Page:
Felipe Calderón: Tackling climate change doesn’t mean sacrificing economic growth

Author:
Ilario D'Amato
2 December 2015

Felipe Calderón, Chairman of Global Commission on the Economy and Climate

PARIS: We need to better showcase the economic case for climate action, says Felipe Calderónformer President of México and Chair of the Global Commission on the Economy and Climate, in The Climate Group’s latest exclusive Climate TV interview, released during the global COP21 climate talks in Paris.

“It is not anymore a question of lack of evidence about how climate change is human caused,” Felipe Calderón says. “Today, it is important to provide any decision-taker in government or in the business sector with evidence that tackling climate change doesn’t imply sacrificing economic growth.”

Such evidence is prominent in the New Climate Economy report Better Growth, Better Climate, which was published last year a few days before Climate Week NYC, as well as more recently with 10 ways to drive a low carbon future. “We can create jobs, we can have poverty alleviation, but at the same time, tackle climate change,” says Felipe Calderón. “And this report shows that it is possible, and we can get several drivers of economic growth doing the right things in order to reduce the climate risk.”

However, governments must raise the level of climate ambition and support the change business world is asking for. “There are several things that the governments can do in order to establish the right economic incentives to foster the transition to a low carbon economy,” continues Felipe Calderón. “If I need to choose one, that could be measures in order to establish carbon price – either tax on carbon or a cap-and-trade system.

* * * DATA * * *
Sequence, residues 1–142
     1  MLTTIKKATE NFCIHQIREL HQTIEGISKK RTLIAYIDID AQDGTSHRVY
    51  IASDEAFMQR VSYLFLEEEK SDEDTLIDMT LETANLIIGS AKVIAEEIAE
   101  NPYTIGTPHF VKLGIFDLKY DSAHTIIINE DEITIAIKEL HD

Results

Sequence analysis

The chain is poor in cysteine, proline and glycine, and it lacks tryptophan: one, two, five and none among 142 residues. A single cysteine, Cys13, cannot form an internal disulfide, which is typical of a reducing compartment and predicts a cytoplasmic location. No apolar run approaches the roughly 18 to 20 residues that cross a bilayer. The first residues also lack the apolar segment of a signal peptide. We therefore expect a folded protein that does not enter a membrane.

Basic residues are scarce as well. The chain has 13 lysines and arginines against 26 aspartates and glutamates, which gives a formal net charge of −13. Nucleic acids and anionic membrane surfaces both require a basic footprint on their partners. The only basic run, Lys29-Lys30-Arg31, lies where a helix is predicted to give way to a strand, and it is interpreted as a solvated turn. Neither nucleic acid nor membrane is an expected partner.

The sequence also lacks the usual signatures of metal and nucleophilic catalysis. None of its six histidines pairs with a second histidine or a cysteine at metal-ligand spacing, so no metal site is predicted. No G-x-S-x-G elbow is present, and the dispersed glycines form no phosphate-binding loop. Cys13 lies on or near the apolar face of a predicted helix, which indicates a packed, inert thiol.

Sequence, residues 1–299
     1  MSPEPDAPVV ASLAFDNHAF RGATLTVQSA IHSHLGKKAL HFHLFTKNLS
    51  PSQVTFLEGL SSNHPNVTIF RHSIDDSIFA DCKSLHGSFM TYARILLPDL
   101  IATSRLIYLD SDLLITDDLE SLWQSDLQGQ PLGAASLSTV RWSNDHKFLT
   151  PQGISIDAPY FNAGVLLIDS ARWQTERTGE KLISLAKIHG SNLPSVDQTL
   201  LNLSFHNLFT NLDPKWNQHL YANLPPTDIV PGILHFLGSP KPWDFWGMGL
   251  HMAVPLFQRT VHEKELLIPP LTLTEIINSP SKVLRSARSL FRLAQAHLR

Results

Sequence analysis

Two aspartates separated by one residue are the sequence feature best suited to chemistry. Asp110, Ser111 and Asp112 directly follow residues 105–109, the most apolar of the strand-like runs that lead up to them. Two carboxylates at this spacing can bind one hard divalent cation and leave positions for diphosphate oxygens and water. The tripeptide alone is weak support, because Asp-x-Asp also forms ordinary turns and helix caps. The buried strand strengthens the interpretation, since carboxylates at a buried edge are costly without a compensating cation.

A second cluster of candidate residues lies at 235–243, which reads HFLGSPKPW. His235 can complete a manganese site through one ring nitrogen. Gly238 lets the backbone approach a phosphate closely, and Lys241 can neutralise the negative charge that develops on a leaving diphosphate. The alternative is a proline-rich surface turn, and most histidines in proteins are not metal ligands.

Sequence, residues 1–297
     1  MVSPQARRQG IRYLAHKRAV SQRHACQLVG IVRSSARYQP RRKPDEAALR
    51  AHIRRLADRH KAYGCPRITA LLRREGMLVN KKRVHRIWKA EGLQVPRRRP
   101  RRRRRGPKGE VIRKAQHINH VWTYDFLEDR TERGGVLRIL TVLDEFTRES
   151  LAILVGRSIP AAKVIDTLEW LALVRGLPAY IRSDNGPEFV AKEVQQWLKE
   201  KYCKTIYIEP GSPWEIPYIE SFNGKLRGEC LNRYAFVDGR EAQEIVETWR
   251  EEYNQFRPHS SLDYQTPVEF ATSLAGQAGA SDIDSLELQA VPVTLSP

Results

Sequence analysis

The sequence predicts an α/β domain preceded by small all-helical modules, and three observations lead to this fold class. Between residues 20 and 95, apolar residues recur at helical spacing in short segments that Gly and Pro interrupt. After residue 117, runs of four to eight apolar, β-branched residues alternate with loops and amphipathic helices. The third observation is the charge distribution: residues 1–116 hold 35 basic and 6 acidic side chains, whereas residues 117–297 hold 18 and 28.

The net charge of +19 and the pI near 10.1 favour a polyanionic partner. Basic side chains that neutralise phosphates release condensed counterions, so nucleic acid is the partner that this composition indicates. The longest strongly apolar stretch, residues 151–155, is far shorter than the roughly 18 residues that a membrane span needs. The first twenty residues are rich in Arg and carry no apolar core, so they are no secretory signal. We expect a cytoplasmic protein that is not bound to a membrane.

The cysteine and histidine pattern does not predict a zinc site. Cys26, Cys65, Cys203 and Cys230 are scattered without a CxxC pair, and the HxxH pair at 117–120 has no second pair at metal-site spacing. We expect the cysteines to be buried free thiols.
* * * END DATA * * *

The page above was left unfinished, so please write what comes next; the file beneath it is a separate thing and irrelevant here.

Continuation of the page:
“These kind of measures must be taken regardless of the revenues for the governments, which actually are good. In fact, they provide the economic incentives for any company to reduce carbon emissions, to save energy, even in their self-interest. Another measure that governments can take is to remove fossil fuel subsides: it is absurd that we are paying for polluting.”

The message for policymakers is then: “Take action, take decisions now. What is damaging the business environment is not the possibility that new measures regarding tackling climate change are coming, but the uncertainty that governments have not decided yet to take action. And this ‘flip-flop’ attitude is hurting decisions and investment in the private sector. The message that is coming from the business sector is decide right now, in the right direction.”

The climate talks in Paris can be a great opportunity to spur this shift. But apart from putting a price on carbon and phasing out fossil fuel subsidies, it is important to “establish clear and long-term policies that could provide certainty for anyone to invest – that could be built between public and private sector.

“At the same time, to invest much more in research and development – investing public funds in that – and improve technology. The New Climate Economy is providing evidence to anyone in the sense that it is feasible, it is possible to have economic growth and at the same time tackle climate change.”

Felipe Calderón, Chairman of Global Commission on the Economy and Climate at CWNYC 2015

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